10 thoughts on “The Domesticated Brain

  1. says:

    It seems that the domestication produces a reduction in the brain in terms of mass ie it shrinks and this goes for both men and animals although in our case we prefer to speak of ability to live in society or less

  2. says:

    Why do we need brains Your first thought must be that we need brains to stay alive But we also need other organs to stay alive Hood opens The Domesticated Brain with various intriguing thoughts even for someone who has taken an introductory psychology course Nonetheless as the book goes on much of the content seems to be an aggregation of past knowledge In other words it would be a great book if you're looking for an introduction to human

  3. says:

    This is one of the best books in the field of Psychology I enjoyed reading this tremendously and it is a refresher to my rusty knowledge about Psych as it has been a few years since I was minor ed in Psych at school lol Having said that people who are new to the field of Psychology should give this a go because the concepts are easy to comprehend Hood has also provided a plethora of examples which made the reading all the enjoyable and f

  4. says:

    I loved how succinctly and simply the author crammed so much into such a small tome I was genuinely pleased by the way he spelled out the chapt

  5. says:

    Bruce Hood The Domesticated Brain 2014Bruce Hood explores how the human brain has adapted throughout the last few millennia to the life of a social animal with a complexity beyond that of any other animal We start off with the surprising idea that our brains have actually gotten progressively smaller losing some 20% of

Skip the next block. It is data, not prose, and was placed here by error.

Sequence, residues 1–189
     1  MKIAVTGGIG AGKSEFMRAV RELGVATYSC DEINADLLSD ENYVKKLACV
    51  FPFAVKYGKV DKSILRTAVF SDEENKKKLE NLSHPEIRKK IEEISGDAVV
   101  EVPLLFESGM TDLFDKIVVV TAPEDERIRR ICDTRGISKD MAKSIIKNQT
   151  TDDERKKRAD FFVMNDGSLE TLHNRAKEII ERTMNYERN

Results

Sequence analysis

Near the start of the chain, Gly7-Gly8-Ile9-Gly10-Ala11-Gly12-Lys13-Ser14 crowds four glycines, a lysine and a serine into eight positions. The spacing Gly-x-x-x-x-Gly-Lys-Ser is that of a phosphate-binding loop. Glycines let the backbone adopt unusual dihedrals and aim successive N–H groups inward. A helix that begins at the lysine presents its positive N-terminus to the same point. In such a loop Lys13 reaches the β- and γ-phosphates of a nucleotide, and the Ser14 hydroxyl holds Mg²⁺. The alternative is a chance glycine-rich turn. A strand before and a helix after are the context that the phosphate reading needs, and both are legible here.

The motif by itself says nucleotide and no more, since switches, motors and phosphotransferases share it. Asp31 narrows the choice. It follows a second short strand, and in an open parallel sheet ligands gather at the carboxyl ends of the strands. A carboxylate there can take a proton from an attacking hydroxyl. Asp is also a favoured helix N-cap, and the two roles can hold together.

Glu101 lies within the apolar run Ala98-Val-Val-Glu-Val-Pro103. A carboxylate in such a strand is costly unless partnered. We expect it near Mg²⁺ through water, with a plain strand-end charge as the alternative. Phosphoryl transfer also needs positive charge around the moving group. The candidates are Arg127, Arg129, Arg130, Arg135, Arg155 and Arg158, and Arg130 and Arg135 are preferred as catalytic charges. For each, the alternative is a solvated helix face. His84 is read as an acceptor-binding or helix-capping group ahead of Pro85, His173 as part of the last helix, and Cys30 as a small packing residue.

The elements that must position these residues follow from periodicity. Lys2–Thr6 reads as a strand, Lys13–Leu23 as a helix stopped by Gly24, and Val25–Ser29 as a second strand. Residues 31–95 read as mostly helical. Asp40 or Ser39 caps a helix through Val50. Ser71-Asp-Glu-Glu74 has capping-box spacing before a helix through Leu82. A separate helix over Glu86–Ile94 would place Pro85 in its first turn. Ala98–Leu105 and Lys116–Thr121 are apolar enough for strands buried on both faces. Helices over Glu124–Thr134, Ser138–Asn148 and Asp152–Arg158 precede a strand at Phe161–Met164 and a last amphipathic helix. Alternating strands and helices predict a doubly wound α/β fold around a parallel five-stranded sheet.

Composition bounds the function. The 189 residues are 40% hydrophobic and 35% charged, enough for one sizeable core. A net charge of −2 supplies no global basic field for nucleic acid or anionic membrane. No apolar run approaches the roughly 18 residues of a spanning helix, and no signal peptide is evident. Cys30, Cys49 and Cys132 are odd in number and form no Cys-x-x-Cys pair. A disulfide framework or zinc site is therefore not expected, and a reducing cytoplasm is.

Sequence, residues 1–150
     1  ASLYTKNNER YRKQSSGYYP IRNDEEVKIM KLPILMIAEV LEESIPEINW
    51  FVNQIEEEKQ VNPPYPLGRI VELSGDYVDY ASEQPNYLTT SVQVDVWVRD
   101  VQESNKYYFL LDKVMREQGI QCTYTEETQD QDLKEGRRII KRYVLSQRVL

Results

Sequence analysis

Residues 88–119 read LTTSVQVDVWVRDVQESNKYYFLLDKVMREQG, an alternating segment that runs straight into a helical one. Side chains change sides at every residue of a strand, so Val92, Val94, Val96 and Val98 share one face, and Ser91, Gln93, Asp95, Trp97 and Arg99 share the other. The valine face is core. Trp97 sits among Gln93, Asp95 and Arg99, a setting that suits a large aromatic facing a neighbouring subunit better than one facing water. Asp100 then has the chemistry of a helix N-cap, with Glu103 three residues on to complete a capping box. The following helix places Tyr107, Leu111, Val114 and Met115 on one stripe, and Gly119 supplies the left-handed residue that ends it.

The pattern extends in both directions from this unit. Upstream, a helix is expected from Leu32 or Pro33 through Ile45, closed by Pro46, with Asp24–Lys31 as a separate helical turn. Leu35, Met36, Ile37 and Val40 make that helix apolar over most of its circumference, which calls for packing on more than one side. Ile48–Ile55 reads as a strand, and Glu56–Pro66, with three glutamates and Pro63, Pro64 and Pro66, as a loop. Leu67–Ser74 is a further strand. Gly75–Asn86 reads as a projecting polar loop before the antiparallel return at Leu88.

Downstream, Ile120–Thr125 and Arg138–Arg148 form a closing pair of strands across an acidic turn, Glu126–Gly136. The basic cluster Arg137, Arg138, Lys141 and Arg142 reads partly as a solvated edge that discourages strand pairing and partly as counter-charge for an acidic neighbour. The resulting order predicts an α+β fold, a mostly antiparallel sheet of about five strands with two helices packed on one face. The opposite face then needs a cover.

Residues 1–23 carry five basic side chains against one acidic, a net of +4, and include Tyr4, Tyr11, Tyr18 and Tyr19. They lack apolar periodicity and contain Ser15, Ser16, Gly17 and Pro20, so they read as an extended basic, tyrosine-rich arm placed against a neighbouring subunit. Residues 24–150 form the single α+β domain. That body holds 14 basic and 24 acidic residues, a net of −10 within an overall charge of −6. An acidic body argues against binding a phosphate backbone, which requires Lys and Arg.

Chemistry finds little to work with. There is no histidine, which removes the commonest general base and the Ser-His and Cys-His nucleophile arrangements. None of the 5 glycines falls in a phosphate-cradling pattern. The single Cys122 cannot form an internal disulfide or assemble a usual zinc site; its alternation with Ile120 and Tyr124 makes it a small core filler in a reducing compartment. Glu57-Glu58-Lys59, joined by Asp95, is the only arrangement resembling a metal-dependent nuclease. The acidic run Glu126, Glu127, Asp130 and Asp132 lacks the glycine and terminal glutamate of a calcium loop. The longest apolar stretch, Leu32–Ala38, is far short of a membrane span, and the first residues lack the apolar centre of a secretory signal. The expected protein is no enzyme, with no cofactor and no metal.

6. says:

    This is a fun read on the evolution of the human brain and most importantly social behaviour The author recites an abundance of research findings and proven behavioral biases although to his credit he refrains from admitting closure for topics that still evoke contradictory interpretations This book does not serve as a mere encyc

  7. says:

    I borrowed this book from a friend who is working on a PhD in neuroscience in an attempt to understand the science behind human social interaction A lot of the ideas in the book I was already familiar with but for me it was the first time I learnt how the brain controls our social nature which was interesting The book was definitely for beginners and wouldn't be suitable for anyone after in depth analysis but it was st

  8. says:

    Clear and covers a variety of material without oversimplifying muchThe central thesis is that as human digestive systems intelligence and technology and lastly climate led to lifestyle changes from small nomadic tr

  9. says:

    An interesting book though I am not sure that I believe in all of the summaries and conclusions Worth reading though Dipped in and out of during a year so a lot of the pretext was admittedly vague by then

  10. says:

    An accessible digestible account of a complicated and timely subject Exactly what a Pelican should be

Leave a Reply

Your email address will not be published. Required fields are marked *